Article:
In recent years, the UK criminal records disclosure system has been subject to intense scrutiny. A series of piecemeal reforms in response to high-profile events has resulted in a confusing and complicated process which, in many ways, undermines rehabilitation policies and places additional obstacles in the way of people with convictions in moving on positively with their lives. Other countries have developed their systems in different ways, responding to different priorities, and the reason for this Fellowship is to try and learn from these different approaches.
The Winston Churchill Memorial Trust is UK’s national memorial to Sir Winston, and each year the Trust awards Travelling Fellowship grants to UK citizens in a range of fields to enable Churchill Fellows to carry out research projects overseas. These projects are designed to exchange ideas and best practice, and build greater understanding between peoples and different cultures, in order that professions and communities in the UK can benefit from these shared experiences.
Christopher Stacey, Co-Director at Unlock, was awarded a Travelling Fellowship in 2014. This page explains more about this work.
Objectives of the Fellowship
The objectives of this fellowship were three-fold:
- To increase understanding of forward-thinking policies, practices and attitudes that exist in other countries, which strike a better balance between public safety and the rehabilitation of offenders.
- To identify practical measures that the UK’s policy and practice could learn from other countries and improve the system of using criminal records
- To raise awareness of these practical measures, working with Government and other stakeholders to take these forward
The countries that Chris visited as part of the Fellowship are France, Spain and Sweden. Each of the countries were identified because they demonstrate, in different ways, policies and practices that are progressive and forward-thinking.
The aim was to better understand the policy/processes that govern the use of criminal records in recruitment, but also, and more importantly, to get beneath the policy and understand the reality of how employers use criminal records, and how the helps or hinders people with convictions.
Output of the project
A press release that was issued at the time that the report was published can be read here.
Summary of recommendations
As well as the full report (above), we have published a summary of the recommendations – these are also listed below.
Government (and disclosure agencies)
The use of criminal records
- ‘Police’ records and ‘Conviction’ records should be held separately. Conviction records may come from Police records, but they would be held separately, solely for disclosure purposes.
- The Government should explore the use of ‘occupational disqualifications’ more broadly as a means of regulating who can work in certain roles, allowing for more restricted access to criminal records in other roles and more expansive ‘cancelling’ systems.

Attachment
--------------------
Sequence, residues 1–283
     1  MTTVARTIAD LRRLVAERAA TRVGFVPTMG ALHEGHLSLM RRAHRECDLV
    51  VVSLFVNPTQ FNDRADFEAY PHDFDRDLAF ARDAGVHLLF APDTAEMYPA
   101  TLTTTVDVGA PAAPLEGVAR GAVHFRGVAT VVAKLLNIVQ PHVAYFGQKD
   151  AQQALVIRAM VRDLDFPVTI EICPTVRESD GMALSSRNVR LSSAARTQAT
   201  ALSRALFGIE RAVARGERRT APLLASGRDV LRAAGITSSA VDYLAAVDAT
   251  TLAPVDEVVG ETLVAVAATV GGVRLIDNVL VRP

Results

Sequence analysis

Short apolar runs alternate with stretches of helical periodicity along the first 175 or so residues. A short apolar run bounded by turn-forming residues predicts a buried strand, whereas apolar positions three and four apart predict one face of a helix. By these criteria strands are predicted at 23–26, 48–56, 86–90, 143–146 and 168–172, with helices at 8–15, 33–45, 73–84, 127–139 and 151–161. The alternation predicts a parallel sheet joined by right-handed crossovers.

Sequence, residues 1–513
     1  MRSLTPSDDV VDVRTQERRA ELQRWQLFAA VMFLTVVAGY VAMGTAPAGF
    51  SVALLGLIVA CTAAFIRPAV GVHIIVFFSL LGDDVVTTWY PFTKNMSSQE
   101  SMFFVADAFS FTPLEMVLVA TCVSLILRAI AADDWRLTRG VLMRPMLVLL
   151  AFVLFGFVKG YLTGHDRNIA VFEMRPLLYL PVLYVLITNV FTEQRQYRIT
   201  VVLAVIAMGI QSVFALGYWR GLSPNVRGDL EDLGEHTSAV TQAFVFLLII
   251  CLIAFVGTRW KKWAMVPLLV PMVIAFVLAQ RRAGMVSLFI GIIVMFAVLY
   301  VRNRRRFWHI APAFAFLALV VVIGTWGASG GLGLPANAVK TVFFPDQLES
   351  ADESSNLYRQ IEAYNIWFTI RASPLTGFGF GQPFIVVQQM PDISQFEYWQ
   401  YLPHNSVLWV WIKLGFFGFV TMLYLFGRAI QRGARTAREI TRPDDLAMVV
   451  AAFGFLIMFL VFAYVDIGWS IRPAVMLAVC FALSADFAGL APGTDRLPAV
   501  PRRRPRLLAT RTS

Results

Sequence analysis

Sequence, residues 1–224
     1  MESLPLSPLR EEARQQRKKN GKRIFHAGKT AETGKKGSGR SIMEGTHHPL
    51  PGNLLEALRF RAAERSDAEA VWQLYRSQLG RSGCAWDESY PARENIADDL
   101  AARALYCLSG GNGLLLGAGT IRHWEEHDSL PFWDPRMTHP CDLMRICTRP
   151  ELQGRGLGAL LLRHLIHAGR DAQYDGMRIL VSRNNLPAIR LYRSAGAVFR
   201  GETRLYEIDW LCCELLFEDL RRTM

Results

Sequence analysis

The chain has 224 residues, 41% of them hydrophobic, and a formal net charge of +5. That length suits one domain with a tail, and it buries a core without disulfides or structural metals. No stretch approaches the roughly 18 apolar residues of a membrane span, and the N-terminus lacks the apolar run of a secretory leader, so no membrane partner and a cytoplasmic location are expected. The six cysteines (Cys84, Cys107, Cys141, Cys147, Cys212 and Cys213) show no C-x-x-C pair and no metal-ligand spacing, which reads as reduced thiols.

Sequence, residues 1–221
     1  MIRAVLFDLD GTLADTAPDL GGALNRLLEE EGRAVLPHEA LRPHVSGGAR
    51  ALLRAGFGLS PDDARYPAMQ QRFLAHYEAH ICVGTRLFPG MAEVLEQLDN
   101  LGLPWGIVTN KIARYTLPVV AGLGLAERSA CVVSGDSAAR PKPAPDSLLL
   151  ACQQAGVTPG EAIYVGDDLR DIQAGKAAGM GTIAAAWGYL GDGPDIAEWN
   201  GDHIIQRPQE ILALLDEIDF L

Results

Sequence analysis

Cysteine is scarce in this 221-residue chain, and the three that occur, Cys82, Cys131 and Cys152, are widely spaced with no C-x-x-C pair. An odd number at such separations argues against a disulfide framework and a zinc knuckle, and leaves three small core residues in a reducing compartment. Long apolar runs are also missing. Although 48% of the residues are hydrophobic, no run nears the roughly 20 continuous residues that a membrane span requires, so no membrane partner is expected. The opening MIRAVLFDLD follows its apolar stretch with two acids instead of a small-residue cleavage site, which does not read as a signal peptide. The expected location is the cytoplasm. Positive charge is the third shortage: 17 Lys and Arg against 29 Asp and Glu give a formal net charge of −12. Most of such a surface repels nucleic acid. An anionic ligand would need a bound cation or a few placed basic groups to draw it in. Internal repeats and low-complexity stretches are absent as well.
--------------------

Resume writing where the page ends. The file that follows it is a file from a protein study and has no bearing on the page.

Disclosures on criminal record checks
- The UK should establish an ‘ultimate’ form of rehabilitation which applies for all types of disclosures.
- The UK should introduce measures which enable any person with convictions to be ultimately regarded as legally ‘rehabilitated’.
- Research should be undertaken to understand the effectiveness of the system of ‘judicial rehabilitation’ in France.
- The UK should learn from how France, Spain and Sweden have been able to have a stronger commitment to ‘rehabilitation’ laws when applied to jobs that work in sensitive roles.
- Research should be undertaken into whether measures that deal with criminal records have any positive impact on rehabilitation/desistance.
- More research needs to be done into the effectiveness of systems which ‘forgive’, comparing them to systems that ‘forget’, and how the two can work together in a cohesive criminal record disclosure system.
- Research should be carried out to understand what impact ‘forgiving’ and ‘forgetting’ measures have in mitigating the collateral consequences of criminal records.
The process of issuing criminal record checks for employment
- Research should be done into the effectiveness of criminal record checks and what value they provide to employers that use them.
- There should be a general prohibition against criminal record checks for recruitment. Exceptions would be granted on a case-by-case basis, where it was deemed (a) lawful and (b) necessary.
- Government should ensure that criminal record details are provided directly to the individual, and not to third parties such as employers.
- Individuals should be able to obtain a copy of what they might have to reveal to a future employer. In particular, this would mean being able to get a copy of your own DBS, at a notional cost in line with data protection rights.
- Employers should only carry out a criminal record check where there is specific law which requires them to do so.
- Research should be carried out which looks at the effects of asking for criminal record details at different stages of the recruitment process.
- Employers should only consider asking for details of criminal record when they ‘can forsee hiring’ an individual, and only then in relation to convictions for offences which have clear relevance to the job role.
- Employers should shift the phrasing of their questions towards asking for details of what would be disclosed on the relevant level of check that the job is eligible for.
- Phrases such as “criminal record”, “criminal record certificate” and “criminal background” should be replaced with “criminal history”.
Learning from overseas
We’re taking forward the recommendations of this report as part of our work to learn from overseas and improve policy and practice in the UK. Latest news linked to this are also available at the bottom of this page.